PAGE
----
Therrell Smith, D.C. Dance Legend, Turns 100

Centennial Celebration

by: Jasmine A. Ball Special to the AFRO
/ (Courtesy photo) /
0
174

As Therrell Smith greeted family and friends during her 100th birthday party Nov. 5 at the University of the District of Columbia, she said she was thankful to be so blessed.

Therrell Smith is pictured at a celebration for her 96th birthday. On Nov. 5, the D.C. dancer turned 100. (Courtesy photo)

Identified as a D.C. dance legend by the International Association of Blacks in Dance, Smith, who has spent most of her life in D.C., has enjoyed spreading cheer to others through dance. She said she has been dancing since she was 8-years-old.

“I am very blessed to see the age 100 and to still be able to do the things that I’ve been doing,” she told the AFRO, in reference to her mobility.“It brings me joy to know that I’ve touched so many lives. This is what my life is all about, my goal is to continue. This is what keeps me going.”

As a teen, Smith attended Dunbar High School in Northeast D.C. where she choreographed several of the school’s plays and operettas. After graduating high school, Smith studied at Fisk University in Nashville, Tenn., where she spent summers working as a dance teacher at a summer camp in Wisconsin. After graduation, she continued to work with young people as a camp counselor and drama teacher at a camp in Massachusetts. During her younger years, she was selected to study in Paris under the famous Mathilde Kschessinska, prima ballerina assoluta of the Imperial Russian Ballet.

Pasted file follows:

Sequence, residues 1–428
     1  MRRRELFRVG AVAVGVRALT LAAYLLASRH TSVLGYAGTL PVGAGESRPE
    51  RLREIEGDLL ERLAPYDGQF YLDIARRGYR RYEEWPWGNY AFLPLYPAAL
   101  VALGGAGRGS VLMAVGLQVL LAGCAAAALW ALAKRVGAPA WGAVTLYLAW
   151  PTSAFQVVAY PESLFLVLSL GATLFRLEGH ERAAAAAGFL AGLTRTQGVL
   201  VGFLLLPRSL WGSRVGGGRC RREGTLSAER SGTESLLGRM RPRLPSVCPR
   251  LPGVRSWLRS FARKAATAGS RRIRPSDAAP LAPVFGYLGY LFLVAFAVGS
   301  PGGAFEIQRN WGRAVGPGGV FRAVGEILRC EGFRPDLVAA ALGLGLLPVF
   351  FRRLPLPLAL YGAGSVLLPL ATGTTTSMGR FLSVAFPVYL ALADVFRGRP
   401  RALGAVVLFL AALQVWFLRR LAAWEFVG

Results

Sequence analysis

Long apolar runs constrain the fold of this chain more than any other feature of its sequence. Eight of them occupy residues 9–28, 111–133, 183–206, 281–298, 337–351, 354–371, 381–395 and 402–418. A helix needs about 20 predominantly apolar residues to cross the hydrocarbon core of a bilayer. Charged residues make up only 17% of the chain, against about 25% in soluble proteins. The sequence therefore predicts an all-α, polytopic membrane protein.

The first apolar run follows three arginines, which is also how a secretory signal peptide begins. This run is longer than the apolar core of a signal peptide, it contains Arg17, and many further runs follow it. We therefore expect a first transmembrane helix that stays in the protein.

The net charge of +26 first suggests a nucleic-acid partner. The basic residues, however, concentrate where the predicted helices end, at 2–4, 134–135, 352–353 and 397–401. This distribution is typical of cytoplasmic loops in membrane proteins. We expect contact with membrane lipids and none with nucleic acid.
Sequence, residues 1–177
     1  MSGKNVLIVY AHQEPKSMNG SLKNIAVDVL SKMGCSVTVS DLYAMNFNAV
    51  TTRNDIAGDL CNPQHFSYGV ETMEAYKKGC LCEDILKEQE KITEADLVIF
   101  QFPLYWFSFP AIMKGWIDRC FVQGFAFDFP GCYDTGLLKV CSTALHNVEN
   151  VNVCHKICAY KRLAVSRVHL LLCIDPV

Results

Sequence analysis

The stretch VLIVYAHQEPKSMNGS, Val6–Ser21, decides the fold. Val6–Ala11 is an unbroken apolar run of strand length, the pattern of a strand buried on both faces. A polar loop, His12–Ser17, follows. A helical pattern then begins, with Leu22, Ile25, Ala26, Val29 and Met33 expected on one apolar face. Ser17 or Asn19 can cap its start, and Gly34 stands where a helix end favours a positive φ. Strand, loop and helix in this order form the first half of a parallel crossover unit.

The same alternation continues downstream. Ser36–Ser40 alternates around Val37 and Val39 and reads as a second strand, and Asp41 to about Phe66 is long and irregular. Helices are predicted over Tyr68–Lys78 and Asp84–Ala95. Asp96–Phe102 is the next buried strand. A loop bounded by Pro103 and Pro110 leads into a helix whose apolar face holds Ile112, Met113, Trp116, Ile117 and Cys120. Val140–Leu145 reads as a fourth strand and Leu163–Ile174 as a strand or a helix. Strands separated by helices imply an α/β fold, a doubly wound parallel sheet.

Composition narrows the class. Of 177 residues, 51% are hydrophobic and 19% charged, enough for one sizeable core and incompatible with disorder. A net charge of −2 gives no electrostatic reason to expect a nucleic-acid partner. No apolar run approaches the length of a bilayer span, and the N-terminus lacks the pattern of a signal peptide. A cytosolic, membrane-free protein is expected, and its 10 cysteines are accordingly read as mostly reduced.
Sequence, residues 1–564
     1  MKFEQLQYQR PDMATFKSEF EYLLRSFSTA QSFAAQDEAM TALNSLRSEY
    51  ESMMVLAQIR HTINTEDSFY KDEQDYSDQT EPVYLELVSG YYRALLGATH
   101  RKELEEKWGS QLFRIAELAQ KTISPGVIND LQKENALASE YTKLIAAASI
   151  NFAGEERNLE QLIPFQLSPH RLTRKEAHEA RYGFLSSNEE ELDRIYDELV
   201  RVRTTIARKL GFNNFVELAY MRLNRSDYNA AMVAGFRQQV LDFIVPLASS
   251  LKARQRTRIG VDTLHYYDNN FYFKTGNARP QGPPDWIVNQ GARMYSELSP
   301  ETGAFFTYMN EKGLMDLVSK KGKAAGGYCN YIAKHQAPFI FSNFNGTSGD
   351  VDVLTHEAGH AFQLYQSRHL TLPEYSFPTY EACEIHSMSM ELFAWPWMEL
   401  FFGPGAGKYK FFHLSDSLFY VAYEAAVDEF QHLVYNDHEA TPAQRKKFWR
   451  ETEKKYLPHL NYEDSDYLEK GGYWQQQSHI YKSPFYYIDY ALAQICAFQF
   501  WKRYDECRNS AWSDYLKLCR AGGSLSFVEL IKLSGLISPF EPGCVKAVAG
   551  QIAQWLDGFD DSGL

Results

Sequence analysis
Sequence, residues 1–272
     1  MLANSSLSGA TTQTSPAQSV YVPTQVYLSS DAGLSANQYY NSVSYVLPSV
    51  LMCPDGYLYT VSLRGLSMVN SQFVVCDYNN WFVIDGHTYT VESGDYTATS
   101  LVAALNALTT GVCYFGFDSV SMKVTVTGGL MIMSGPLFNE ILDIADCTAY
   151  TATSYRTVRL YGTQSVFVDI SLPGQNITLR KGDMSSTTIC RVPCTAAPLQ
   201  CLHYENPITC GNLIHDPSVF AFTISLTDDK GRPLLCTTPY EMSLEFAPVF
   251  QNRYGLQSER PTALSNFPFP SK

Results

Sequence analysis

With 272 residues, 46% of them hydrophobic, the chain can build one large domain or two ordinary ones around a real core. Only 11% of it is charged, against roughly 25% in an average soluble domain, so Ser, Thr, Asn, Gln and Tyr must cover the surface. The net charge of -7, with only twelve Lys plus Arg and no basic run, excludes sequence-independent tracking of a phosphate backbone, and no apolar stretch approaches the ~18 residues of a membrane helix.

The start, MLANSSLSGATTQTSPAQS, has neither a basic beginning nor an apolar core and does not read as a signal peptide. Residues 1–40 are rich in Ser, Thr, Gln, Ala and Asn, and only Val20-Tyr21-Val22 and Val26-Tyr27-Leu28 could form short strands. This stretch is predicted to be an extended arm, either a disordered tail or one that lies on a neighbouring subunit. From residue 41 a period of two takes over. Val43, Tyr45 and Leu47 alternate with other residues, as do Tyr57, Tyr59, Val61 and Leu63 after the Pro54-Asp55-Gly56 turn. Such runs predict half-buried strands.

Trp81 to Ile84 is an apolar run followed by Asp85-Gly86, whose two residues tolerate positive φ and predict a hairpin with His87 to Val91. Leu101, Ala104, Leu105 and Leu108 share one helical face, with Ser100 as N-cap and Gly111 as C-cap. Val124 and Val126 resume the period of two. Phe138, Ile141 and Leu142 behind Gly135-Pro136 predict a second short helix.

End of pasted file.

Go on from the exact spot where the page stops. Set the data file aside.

“There is no finer person than I can think of to be a better role model. She is just an excellent person,” her niece Shelley Brown told the AFRO.

In the District, Smith founded the Therrell Smith School of Dance in 1948. Through the school she has taught dance at the LeDroit Park Nursery School, on Rhode Island Avenue in Northwest D.C. and at the school’s current site on Bunker Hill Rd in Northeast D.C.  Smith attends Unity Church in Northwest D.C.

“I didn’t think about dancing as a livelihood, but it was a good choice”, Smith told the AFRO.

Smith, who was born and raised in D.C., has been a member of the Alpha Kappa Alpha Sorority for 78 years.

“She is a warm, loving, and a humble person. She is very giving and willing to serve which is demonstrated through the community,” Jackie Harris, who is Smith’s sorority sister and has known her for many years, told the AFRO.

NO COMMENTS